Viginia Coutinho is a dear friend who just released a new book (in Portuguese) that helps strategists think differently about social media. She is also the organizer of Upload Lisboa, a fantastic event in Portugal that focuses on innovation and disruptive technologies. Earlier in the year, she surprised me by asking if I would consider writing the foreword. Even though I don’t write much about social media these days, I couldn’t let her down. Now that her book is available, I wanted to share the English version of the foreword with you here.
I hope it helps or makes a difference…
Maybe we’re antisocial with our approach to social media today.
Social media is one of the most profound technological and societal advancements of our time. It is this generation’s telephone, television, and in many ways, its printing press, democratizing information and elevating and uniting the people who create and share it. The socialization of media has connected billions of people around the world, thrust humankind into a real-time world, and forever changed how we communicate, discover, share and work.
This human network has evolved into one of the most efficient, expeditious, expansive, and approachable media networks to date. But we still have a lot to learn as users learning to balance these new found platforms between accidental narcissism and individual empowerment. We also have much to learn as professionals seeking new ways to connect, learn and grow in a transparent and much more human era.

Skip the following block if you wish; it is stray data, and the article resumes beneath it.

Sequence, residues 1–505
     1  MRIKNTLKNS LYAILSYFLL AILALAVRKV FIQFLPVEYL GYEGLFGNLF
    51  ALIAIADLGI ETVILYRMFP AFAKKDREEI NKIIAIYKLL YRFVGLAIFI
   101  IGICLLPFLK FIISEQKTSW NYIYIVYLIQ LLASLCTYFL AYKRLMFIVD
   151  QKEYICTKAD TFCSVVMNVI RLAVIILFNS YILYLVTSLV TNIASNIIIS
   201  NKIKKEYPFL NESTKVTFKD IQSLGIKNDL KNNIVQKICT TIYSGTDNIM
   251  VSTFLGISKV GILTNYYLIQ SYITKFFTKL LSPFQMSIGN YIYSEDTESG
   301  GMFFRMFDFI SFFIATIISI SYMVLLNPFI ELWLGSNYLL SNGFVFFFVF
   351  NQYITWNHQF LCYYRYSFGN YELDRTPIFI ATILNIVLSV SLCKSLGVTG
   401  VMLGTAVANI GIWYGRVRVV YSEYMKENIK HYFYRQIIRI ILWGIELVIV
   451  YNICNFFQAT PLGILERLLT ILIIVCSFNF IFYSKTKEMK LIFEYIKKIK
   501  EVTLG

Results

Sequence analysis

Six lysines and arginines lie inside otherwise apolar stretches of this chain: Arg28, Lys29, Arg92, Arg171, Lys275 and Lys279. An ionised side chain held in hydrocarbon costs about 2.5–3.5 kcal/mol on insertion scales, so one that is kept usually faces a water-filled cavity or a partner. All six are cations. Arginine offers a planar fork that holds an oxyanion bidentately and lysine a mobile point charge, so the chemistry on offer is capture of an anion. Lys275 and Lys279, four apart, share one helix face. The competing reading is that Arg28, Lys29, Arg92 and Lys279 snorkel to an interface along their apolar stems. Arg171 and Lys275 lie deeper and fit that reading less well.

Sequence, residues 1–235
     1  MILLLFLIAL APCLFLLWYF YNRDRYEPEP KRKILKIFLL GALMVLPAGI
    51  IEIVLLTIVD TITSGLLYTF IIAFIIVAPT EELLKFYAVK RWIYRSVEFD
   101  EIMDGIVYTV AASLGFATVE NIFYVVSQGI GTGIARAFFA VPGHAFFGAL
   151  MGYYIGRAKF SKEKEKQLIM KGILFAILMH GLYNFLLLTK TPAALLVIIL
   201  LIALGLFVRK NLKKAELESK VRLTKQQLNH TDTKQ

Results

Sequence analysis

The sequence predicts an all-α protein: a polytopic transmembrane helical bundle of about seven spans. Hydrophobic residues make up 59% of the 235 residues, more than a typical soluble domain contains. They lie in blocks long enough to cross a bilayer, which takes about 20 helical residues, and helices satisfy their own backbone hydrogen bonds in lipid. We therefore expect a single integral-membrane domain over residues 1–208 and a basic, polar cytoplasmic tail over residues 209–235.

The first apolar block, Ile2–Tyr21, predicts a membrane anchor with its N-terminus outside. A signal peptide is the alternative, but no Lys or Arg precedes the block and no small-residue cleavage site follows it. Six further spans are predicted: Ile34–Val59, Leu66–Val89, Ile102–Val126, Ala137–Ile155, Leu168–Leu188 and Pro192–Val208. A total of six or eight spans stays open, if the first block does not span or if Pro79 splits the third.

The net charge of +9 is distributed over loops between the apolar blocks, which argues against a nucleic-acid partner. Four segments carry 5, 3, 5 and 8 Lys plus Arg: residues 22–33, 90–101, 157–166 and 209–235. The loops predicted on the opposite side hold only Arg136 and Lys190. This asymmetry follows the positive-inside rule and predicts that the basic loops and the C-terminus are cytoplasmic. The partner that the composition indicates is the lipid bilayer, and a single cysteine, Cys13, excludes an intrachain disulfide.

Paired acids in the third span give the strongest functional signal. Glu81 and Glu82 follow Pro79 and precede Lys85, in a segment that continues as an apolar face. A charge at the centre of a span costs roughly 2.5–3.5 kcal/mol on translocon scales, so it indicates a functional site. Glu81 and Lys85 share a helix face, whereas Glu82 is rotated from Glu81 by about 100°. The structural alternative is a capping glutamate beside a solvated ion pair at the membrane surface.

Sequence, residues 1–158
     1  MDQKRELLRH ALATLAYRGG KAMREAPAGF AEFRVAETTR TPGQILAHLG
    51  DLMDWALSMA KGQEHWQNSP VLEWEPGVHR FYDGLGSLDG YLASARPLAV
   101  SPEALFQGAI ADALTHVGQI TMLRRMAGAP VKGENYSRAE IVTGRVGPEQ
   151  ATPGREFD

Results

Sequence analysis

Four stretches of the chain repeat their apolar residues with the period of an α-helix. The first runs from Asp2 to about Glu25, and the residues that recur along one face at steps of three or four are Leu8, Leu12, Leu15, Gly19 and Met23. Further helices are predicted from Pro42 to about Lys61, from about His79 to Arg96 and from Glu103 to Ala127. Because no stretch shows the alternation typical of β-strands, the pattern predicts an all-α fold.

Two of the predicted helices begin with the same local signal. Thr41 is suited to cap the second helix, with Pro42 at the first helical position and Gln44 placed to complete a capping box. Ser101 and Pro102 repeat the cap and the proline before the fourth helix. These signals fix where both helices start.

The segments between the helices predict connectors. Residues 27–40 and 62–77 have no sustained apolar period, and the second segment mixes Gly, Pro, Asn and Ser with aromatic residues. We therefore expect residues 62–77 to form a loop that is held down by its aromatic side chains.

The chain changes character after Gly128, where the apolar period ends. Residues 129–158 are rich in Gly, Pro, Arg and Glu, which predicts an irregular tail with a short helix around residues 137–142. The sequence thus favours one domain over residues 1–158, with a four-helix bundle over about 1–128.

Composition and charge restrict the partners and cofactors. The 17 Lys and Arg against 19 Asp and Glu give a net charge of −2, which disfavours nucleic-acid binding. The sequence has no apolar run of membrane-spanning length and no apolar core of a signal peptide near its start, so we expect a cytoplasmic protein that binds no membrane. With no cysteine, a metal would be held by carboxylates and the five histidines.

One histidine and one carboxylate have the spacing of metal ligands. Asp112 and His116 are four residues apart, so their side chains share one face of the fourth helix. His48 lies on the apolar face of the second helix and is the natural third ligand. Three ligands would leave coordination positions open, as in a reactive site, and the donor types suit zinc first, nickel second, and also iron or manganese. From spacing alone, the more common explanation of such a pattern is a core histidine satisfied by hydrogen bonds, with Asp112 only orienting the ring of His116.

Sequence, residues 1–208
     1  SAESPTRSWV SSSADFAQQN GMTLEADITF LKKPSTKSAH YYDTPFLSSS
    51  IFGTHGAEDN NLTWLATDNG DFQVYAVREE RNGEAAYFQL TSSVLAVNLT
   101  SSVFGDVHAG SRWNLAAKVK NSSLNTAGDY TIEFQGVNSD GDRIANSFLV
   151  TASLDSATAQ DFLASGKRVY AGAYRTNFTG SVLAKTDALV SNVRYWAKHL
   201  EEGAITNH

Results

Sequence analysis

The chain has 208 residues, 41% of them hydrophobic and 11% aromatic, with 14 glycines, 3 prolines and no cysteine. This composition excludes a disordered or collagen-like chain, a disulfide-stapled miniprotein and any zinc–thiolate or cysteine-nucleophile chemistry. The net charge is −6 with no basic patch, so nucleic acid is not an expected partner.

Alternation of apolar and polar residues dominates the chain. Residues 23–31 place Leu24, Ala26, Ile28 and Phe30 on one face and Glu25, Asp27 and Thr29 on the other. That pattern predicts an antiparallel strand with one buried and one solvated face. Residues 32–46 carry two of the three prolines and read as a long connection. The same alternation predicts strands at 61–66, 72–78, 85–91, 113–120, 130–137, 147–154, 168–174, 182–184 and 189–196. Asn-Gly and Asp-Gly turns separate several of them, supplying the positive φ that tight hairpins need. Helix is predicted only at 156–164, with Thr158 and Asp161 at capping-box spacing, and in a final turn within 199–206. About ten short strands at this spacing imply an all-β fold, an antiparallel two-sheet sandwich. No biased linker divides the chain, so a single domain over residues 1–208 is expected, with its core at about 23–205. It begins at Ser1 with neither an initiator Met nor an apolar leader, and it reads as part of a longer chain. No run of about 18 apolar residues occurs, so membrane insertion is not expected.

Yet with these advancements, with the pervasiveness of social media in many lives, with the rise of entirely new categories of everyday influencers and decision-makers, executives and social media strategies still largely see only channels and not the people, cultures and norms that define them.
Trendiness trumps relevance. Quantity eclipses quality. Executive agendas upstage consumer expectations and needs.
Unfortunately many see it for its novelty and not for the revolution it feeds. They bring to it a legacy mindset and expect these new networks and the communities they foster to regress rather than progress. Said another way, we do not change to earn relevance in new paradigms we expect them to change for us.
Welcome to the EGOsystem
These social networks and the communities of human beings they support have not only connected information and people, they have forged new connected societies where people band together based on interests and passions. Indeed, there are real people on the other side of those screen. We too, are real people who forget that our needs as individuals are willfully forgotten when we become the strategists who market to ourselves.